10 Researchers & Practitioners Address Key Safety Issues KTE Forum More than 70 representatives from Liberty Mutual s Loss Control Advisory Services (LCAS) and Research Institute for Safety convened in June for the company s first-ever Knowledge Transfer and Exchange Forum. Held at the Research Institute in Hopkinton, Mass., the conference was the first formal Institute event dedicated to knowledge transfer and exchange (KTE), a practice that differentiates Liberty Mutual in both the insurance and the safety research communities. Technical specialists, service directors, and research scientists, as well as several representatives from Risk Quality Assessment and Liberty Mutual Agency Corporate Loss Prevention Technical Services, attended two and a half days of intensive workshops, sessions, and roundtable discussions on key safety topics. It is so important that our specialists and service directors take what they learn here and bring it to the field to help reduce risk at our policyholders locations, said Connie Bayne, Liberty Mutual senior vice president of Underwriting Support Services, evolving safety concerns that may require scientific study. The ability to generate and share our knowledge and expertise in this way is unique, and it s just one way that Liberty Mutual sets itself apart in the property and casualty marketplace. Research Institute Director Ian Noy, Ph.D., welcomed the LCAS specialists and service directors, noting, The Institute s mission is to conduct research to help reduce workplace injuries and workplace disability and to share that research with the worldwide community. It s a very noble mission that supports Liberty Mutual s core commitment to helping people live safer, more secure lives. Over the course of the two-day event, attendees worked together to address five critical safety areas: Overexertion It is so important that our specialists and service directors take what they learn here and bring it to the field to help reduce risk...and that researchers connect to the field to learn about evolving safety concerns that may require scientific study. noting the opportunities for learning and enhanced customer service offered by the Forum s focus on KTE. It s equally important that researchers connect to the field to learn about (the number one cause of serious workplace injury), Falls (the second leading cause of serious workplace injury), Workforce Fitness and Return to Work, Driver Safety and Safety Climate, 10 Research to Reality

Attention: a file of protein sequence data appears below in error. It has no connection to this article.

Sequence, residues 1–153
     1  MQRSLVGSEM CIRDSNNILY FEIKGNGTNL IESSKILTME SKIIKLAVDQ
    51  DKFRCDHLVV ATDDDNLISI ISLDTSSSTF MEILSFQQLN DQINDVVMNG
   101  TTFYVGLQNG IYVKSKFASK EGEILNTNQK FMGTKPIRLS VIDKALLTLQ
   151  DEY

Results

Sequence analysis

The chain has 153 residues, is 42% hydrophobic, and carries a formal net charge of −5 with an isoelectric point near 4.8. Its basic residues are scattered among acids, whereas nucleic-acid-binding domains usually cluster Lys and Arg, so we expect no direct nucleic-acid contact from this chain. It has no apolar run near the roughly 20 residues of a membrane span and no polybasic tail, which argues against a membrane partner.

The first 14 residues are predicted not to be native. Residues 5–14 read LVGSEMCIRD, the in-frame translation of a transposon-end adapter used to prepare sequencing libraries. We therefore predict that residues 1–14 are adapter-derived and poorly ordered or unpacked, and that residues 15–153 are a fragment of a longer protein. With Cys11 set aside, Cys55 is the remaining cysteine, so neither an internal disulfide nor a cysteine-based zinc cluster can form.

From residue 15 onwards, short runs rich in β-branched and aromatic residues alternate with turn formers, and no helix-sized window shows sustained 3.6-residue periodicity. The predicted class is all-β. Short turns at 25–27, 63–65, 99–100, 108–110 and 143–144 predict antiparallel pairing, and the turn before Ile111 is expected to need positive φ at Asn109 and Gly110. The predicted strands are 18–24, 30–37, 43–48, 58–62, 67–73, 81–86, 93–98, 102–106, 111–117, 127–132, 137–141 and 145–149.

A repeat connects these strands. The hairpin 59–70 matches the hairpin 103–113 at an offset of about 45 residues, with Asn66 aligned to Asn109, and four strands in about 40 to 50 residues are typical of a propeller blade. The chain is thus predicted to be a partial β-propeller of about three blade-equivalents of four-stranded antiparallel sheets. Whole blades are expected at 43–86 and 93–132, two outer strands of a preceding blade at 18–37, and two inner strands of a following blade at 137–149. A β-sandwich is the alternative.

11 and Workplace Innovations. For each area covered, Institute researchers teamed up with LCAS technical directors to present workshops on the following topics: Design of Manual Materials Handling Tasks Human Strength and Design of Upper Extremity Work Prevention of Same-Level Slips, Trips, and Falls Safe Work Methods and Falls-From-Height Prevention Driver Distraction Organizational Safety Climate Electrical Injuries, Safety Warnings, and Shiftwork Macroergonomics Return-to Work (RTW) RTW, Health Promotion, and Wellness Each workshop series concluded with an exchange workshop in which participants shared their insights and ideas on the topics presented. The participative format encouraged a lively exchange of information and knowledge among the scientists, who pursue science-based evidence to support sound safety practices and tools, and the field specialists, who are in the trenches every day recommending safety protocols and practices to help customers improve their operations, said Wayne Maynard, Liberty Mutual Loss Control Advisory Services, Manager of Technical Services and Product Development. Our hope is that attendees not only learned from each other but also will continue to explore opportunities for new LCAS service products and potential new research directions. Our hope is that attendees not only learned from each other but also will continue to explore opportunities for new LCAS service products and poten- tial new research directions. Researcher Rammohan Maikala, Ph.D., engages participants during a session on human strength and design of upper extremity work at the KTE Forum held at the Research Institute. Summer